The fiddly job of laying the cabin floors is almost completed. Fitting the floors has taken longer than expected. Each component has to be cut-to-fit around the curve of the hull, with its varying angles and intersecting frames. Since the last post, we have glued down most of the floors, and have framed and fitted the floors in the two small cabins forward of frame three. This is the point where the floor levels meet the rocker of the hulls as they curve upwards to the bows, requiring a level change. On the starboard side, this small cabin contains the guest toilet, wash basin, and storage. On the port side, it is a walk in wardrobe.
We have also completed the floor in the space aft of the galley, which is a sort of pantry. It also contains a space for the fridge-freezer. We now have to decide whether to purchase an off-the-shelf unit or build our own enclosure and install a compressor.
The corresponding space on the other (port) side is the main bathroom. Here we have fitted and fiberglassed the shower sump and ordered a low profile pump to fit. The flooring in this space was time-consuming, requiring a fair bit of thinking time. It incorporates both fall and reverse camber, to direct the shower water into the sump. The sump is covered with a bamboo shower grate. A provision was also made for the instrument transducer and intake for the toilet, all to be installed within the sump. This then avoids the need for any skin fittings under the floors and provides easy access.
Next week, we should be able to make a start on the cabinetry, which will be another milestone achieved.
Earlier in the week Pete consulted his Meteye weather App and was dismayed to see large swathes of red, over Port Sorell. Red is never good, as it’s a prediction of damaging winds. The prediction was for gusts of over 120 kph. So Friday was dedicated to preparing our shelter for the blow. We renewed some UV damaged ropes, added some additional lashings, sweated down the big tarp till it was tight as a drum, and generally tidied up. We are vulnerable at the moment as until the decks are on, the interior of the boat is exposed to the elements should the tarp fail. We prayed over our baby, as is our practice, asking God to watch over her, and went home.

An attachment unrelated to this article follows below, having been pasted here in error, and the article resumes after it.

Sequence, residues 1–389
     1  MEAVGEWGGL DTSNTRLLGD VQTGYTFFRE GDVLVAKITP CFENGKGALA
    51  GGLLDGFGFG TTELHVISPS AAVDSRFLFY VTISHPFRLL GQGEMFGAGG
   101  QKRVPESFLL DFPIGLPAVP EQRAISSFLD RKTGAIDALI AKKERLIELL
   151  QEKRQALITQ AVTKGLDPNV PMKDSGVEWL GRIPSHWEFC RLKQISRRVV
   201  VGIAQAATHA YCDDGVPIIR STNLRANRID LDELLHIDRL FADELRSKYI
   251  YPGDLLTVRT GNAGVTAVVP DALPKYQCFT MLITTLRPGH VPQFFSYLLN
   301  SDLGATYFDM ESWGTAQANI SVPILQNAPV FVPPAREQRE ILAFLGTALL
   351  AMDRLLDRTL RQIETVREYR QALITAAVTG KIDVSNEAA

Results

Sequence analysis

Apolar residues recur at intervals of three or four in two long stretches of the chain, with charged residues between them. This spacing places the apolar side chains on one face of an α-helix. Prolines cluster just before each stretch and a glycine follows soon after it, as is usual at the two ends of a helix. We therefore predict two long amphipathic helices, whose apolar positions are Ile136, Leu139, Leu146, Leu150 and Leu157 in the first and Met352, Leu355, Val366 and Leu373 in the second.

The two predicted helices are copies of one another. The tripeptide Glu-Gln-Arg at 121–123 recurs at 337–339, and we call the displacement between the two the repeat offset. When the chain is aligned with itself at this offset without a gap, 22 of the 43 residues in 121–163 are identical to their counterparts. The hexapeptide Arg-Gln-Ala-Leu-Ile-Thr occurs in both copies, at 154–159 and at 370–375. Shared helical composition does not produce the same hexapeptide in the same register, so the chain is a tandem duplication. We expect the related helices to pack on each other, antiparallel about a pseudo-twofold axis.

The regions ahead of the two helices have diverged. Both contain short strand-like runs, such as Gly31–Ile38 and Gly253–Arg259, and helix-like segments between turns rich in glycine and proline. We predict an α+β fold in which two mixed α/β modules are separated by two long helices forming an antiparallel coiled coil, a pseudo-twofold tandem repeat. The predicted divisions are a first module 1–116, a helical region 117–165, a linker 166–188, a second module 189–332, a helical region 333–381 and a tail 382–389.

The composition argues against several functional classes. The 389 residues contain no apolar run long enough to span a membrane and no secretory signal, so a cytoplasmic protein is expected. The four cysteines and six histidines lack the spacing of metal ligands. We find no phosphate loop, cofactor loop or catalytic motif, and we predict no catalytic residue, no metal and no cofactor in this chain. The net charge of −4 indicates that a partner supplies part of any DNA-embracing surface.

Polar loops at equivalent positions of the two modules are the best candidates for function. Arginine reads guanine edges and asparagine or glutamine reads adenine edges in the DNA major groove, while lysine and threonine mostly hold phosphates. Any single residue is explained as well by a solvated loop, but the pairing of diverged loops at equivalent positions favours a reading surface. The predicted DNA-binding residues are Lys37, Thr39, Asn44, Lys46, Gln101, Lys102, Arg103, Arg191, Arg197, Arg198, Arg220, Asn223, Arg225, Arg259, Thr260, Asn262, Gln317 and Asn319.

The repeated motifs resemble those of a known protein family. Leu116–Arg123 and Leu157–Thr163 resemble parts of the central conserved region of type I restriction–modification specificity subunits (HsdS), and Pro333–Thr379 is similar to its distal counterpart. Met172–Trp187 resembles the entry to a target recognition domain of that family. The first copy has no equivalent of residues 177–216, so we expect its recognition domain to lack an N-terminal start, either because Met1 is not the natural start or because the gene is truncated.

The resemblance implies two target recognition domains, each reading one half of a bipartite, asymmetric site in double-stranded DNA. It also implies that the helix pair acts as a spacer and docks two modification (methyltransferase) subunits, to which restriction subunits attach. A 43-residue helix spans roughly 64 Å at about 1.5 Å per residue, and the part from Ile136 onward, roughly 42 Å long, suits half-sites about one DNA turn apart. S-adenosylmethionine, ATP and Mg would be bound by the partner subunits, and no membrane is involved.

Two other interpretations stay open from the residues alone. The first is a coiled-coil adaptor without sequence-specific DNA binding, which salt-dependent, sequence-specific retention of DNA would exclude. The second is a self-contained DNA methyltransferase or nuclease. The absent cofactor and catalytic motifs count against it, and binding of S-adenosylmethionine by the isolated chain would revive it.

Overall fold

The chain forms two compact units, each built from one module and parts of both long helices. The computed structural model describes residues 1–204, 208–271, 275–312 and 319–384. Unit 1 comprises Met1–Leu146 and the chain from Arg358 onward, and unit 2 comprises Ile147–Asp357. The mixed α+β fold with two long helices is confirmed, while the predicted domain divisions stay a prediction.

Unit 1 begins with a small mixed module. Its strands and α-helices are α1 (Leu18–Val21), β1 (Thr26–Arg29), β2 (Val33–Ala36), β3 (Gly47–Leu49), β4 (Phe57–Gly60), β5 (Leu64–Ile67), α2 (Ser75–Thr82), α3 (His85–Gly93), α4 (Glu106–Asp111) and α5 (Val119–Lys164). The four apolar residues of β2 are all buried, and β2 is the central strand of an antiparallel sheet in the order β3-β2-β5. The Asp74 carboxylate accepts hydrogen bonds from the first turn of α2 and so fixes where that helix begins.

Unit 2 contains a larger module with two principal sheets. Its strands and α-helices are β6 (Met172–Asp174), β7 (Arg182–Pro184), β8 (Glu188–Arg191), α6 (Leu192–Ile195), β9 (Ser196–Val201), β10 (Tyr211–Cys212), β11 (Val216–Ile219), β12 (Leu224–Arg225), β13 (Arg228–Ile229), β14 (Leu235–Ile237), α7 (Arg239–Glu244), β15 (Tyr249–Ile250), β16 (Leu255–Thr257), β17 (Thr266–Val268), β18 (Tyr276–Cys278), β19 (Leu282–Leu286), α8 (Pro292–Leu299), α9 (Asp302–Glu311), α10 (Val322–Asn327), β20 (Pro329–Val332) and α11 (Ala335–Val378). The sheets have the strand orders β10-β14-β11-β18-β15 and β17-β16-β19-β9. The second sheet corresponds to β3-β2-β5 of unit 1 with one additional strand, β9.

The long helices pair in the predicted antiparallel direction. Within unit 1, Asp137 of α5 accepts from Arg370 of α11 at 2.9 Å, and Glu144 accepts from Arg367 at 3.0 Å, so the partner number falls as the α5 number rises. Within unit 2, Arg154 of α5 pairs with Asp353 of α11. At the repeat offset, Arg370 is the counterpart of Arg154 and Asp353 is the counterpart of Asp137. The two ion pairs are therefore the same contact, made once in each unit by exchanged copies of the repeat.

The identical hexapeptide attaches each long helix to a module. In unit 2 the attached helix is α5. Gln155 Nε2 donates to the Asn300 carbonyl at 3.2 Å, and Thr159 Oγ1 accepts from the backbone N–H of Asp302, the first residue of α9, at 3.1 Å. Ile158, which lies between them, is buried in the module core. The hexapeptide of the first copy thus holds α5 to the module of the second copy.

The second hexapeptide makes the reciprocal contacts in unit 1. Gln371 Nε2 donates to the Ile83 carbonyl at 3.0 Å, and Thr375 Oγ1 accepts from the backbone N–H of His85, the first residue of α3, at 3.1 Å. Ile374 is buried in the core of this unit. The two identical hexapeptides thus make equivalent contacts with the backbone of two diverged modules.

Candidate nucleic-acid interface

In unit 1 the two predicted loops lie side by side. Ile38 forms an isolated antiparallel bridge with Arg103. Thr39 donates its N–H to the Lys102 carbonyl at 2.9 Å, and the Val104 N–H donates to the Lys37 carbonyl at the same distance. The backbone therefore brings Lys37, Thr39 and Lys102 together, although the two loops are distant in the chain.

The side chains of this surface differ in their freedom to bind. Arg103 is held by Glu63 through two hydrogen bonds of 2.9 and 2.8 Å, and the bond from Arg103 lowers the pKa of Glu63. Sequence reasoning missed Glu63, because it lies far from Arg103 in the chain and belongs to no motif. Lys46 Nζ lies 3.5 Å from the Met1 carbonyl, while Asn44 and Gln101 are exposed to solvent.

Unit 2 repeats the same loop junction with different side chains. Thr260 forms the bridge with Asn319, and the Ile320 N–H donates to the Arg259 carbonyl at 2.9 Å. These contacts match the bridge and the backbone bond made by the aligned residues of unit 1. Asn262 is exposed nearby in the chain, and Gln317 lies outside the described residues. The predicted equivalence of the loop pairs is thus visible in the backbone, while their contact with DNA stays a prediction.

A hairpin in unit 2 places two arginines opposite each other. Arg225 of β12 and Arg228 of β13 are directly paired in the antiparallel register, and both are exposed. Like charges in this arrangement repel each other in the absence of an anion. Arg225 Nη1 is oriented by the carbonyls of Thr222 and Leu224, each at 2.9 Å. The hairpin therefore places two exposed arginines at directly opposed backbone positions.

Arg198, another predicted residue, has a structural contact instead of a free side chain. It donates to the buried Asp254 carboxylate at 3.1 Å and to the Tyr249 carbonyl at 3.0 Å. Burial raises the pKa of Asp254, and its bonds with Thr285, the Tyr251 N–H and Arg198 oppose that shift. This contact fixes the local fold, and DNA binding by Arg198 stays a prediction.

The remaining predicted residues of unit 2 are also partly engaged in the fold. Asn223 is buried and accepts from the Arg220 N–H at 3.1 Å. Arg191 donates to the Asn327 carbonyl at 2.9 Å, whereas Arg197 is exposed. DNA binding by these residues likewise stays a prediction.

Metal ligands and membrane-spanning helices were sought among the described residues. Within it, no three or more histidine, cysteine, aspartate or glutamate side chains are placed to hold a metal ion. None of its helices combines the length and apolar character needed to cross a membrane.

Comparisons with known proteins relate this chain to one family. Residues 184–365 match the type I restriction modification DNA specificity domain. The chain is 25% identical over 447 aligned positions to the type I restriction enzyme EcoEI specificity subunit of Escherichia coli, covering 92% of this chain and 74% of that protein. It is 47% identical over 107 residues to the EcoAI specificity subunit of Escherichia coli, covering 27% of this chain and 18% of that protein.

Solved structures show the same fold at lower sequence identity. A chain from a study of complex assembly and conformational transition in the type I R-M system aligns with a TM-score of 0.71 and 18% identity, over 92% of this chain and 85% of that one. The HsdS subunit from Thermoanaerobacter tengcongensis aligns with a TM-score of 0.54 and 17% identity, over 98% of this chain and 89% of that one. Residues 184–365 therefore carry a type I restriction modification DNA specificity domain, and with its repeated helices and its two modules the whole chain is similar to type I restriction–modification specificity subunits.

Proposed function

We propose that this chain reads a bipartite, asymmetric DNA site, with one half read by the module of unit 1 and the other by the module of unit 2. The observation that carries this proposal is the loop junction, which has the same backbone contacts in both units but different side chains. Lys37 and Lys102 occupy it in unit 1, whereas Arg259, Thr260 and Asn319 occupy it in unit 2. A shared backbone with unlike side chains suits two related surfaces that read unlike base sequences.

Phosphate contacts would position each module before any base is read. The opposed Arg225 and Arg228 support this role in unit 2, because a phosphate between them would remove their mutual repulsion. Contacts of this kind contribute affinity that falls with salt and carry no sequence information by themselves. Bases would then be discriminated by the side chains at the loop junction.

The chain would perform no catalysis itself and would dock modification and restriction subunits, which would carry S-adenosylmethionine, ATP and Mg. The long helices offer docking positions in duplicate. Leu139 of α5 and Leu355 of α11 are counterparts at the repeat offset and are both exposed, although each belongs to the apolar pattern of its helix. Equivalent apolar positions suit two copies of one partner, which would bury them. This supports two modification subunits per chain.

At the predicted time of 10 pm (how do they do that?) it hit hard, but quickly tailed off and was all over by around midnight. It was a classic big-end-front not uncommon in the Strait. Pete and his brothers encountered one, mid way when competing in the 94 Sydney Hobart. Pete was on watch at the time and noticed a white mist approaching rapidly from the west. The skipper took one look and called for all sail down. The navigator, Ian Johnson was highly experienced and reassured them, saying ” It will hit hard, with a few big gusts, then settle down to a steady gale. If we give it half hour, the worst will be over and we can set the heavy weather sails and get going again.” He then switched on the HF and they settled down to listen to the radio traffic. Boats were reporting gusts of 80 knots (140kph) over the decks. Many retired in the first 20 minutes of the storm, probably feeling a little foolish later. Bass Strait has a fearsome reputation, and some were not willing to risk crossing in a gale. Two years later six sailors were lost in a much worse, sustained storm.
Back at Selah, we inspected the site this morning (Sat) and were thankful that she and the shelter came through unscathed. Maximum gusts were 102 kph but were not sustained so there was little damage in the area. Just another blow in the wild north coast of Tas!